Your Majesty, Your Excellencies, Ladies and Gentlemen, it is a great honour and a great pleasure for me to welcome you to London for the second Asia-Europe Meeting. The idea for a forum to bring together Asia and Europe was first proposed by Prime Minister Goh of Singapore in 1994. The inaugural meeting was held in Bangkok two years ago. I am delighted that it now falls to the UK, to London and to this Government to act as host to the first Asia Europe Meeting on European soil.
The idea behind ASEM when it was established was simple. It was that Europe and Asia shared many things in common, but that there was no collective forum in which we could meet and exchange our ideas.
I want this conference to fill that void and address the key challenges that we jointly face be they economic, environmental, social, or political.
Europe and Asia have a relationship, which day by day grows more closely interrelated. More mutually interdependent. In business and trade. For example exports from the European Union to Asia in 1996 totalled $204 billion. More than US exports to the whole region. At the same time the 15 countries of the EU import some $238 billion worth of Asian goods.
We both also face the growing challenge of globalisation. Of markets. Of decision making. Of new technology. We need to respond to those changes in such a way as to build on the opportunities they offer, while recognising potential threats too. In particular, we need to focus on changes that are of direct benefit to our people. Changes that can make a difference for the better.
Similarly, environmental issues do not recognise international boundaries. We need to tackle those issues which affect us all wherever we live. Tackling pollution, improving the environment and ensuring that our children will inherit a world at least as rich and diverse as our own.
Two years ago in Bangkok, Asia and Europe recognised that, by working together, they would be much better placed to face the challenges of change and globalization.
Few then would have predicted the financial difficulties Asia has faced over the last few months. Clearly, their impact has been felt first and foremost in Asia itself. But in todays interdependent world, we in Europe cannot afford to turn our backs.
That makes this summit so timely. This is not a mere talking shop. We have real work to do. Work that matters for all our people in their everyday lives. Although much has already been achieved, we are not at the end of the Asian financial crisis. We still face four key challenges:
* first, how we can work together to resolve this crisis and limit the impact on the global economy. In particular, how we can increase co-operation in the field of technical assistance;
* second how we can limit the social impact of the crisis;
* third how we can help to maintain open markets and further trade liberalisation to help resolve the crisis; and
* fourth, how can we strengthen the international monetary system to prevent this type of crisis from re-occurring
We have already made a start. We are launching at this summit an ASEM Trust Fund, under the auspices of the World Bank. Such a fund will be able to offer technical support for financial restructuring and to look at mechanisms for mobilising European expertise in structural reform to provide help to the Asian economies.
We must also resist demands that we should look inwards in times of difficulty. Our joint aim must be to open up more markets. To reduce barriers to trade, increase investment and promote competition. Based on greater economic stability, transparency and confidence in financial markets. In that way we shall all benefit.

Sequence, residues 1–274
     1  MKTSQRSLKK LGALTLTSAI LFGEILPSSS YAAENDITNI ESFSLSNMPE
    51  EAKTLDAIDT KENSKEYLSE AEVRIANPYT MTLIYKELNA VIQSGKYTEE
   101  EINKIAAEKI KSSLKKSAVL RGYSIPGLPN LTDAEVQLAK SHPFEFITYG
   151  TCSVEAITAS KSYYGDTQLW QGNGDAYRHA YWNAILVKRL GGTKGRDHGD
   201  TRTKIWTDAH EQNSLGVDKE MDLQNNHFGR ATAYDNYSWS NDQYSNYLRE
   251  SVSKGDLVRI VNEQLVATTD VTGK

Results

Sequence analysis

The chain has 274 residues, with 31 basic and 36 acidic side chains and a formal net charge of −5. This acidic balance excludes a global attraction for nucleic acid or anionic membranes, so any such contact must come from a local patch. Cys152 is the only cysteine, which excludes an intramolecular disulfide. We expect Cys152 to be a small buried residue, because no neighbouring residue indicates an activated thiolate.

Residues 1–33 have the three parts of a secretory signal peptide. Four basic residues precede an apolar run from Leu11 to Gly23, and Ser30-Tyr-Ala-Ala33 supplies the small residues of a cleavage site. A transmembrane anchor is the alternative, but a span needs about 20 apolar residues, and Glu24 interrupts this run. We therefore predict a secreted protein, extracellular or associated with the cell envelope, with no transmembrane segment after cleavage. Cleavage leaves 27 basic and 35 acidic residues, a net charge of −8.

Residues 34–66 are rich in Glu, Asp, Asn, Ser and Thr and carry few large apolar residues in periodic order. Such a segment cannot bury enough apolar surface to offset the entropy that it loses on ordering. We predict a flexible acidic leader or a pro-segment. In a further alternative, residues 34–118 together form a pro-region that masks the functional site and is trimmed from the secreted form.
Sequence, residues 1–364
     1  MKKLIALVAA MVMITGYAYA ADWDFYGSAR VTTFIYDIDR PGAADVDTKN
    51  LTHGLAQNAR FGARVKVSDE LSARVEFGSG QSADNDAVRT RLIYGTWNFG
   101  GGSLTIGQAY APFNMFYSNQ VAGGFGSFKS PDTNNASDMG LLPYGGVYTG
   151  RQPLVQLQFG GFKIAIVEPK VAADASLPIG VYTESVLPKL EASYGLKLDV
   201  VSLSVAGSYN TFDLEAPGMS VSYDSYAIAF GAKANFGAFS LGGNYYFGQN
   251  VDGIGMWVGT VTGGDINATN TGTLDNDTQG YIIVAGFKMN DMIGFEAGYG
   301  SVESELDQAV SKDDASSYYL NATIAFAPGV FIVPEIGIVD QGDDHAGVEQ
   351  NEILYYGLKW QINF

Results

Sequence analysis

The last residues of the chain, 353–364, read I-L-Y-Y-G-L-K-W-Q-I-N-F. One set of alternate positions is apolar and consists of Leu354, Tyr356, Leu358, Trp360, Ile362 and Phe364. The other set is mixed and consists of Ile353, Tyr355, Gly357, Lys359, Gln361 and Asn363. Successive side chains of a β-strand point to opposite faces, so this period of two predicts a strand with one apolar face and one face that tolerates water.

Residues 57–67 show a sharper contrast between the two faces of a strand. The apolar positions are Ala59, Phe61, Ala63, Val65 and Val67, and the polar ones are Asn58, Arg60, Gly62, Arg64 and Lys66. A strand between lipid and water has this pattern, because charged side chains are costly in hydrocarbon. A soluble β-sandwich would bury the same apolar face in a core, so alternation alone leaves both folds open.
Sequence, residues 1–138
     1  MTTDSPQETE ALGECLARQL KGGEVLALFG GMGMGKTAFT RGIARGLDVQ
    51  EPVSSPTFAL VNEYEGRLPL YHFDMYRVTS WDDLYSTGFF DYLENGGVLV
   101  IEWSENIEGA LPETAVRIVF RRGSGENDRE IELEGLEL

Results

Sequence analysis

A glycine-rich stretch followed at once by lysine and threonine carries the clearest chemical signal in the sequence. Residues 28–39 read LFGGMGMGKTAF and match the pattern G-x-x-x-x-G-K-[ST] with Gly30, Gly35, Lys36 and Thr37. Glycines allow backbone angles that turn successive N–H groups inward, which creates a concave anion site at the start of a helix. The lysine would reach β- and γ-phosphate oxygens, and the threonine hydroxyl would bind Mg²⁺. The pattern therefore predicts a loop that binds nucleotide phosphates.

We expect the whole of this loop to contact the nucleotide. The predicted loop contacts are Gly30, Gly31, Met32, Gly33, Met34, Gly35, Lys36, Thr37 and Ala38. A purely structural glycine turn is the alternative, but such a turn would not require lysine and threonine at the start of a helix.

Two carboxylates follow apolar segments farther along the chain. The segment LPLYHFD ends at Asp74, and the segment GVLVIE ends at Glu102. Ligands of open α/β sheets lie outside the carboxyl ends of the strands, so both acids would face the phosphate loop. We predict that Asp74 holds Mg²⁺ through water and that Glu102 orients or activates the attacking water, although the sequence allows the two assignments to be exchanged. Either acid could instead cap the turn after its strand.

Europe will benefit from an open Asia. Asia will benefit from an open Europe. In our world today, the more transparent, the more disciplined our financial systems, the more committed we all are to trade between our countries, the better for all of us.
I want us over the next two days to tackle the other challenges I have outlined. To work together with the IMF, to help restore market confidence and economic growth in Asia.
We in Europe have a real opportunity to show that we meant what we said about partnership. That we are not fair-weather friends, who turn away at the first sign of difficulty. But partners for the long term, ready to stick by Asia through thick and thin.
There is, however, more on our agenda than trade, finance and commerce. The ASEM process gives Asia and Europe the opportunity to have a new and more mature political dialogue. To meet in private and talk frankly, but with mutual respect, about the issues that matter to us. Global issues such as the environment, international crime and drugs, and fundamental rights.
We all share the same aims. To deliver results that make a real difference to the lives of our peoples. We have already announced an important initiative to help tackle environmental disasters. We shall also be looking at ways to secure a brighter future for our children, through cooperation on their welfare and their education. We must do more to establish links and exchanges between our schools, colleges and universities. To raise mutual understanding of our countries.
Asia and Europe have achieved a lot together in the last two years. But we still have much to do over the next two days. This meeting must build on the foundations laid in Bangkok.
As we approach the end of this millenium we face a challenge. That challenge is how to build a stronger, richer fairer and more decent society for all our people.
We, the political leadership of Europe and Asia, must demonstrate to our peoples that we are working together, deepening and broadening our cooperation to improve their lives. That together we are building a new partnership between Europe and Asia for the 21st century.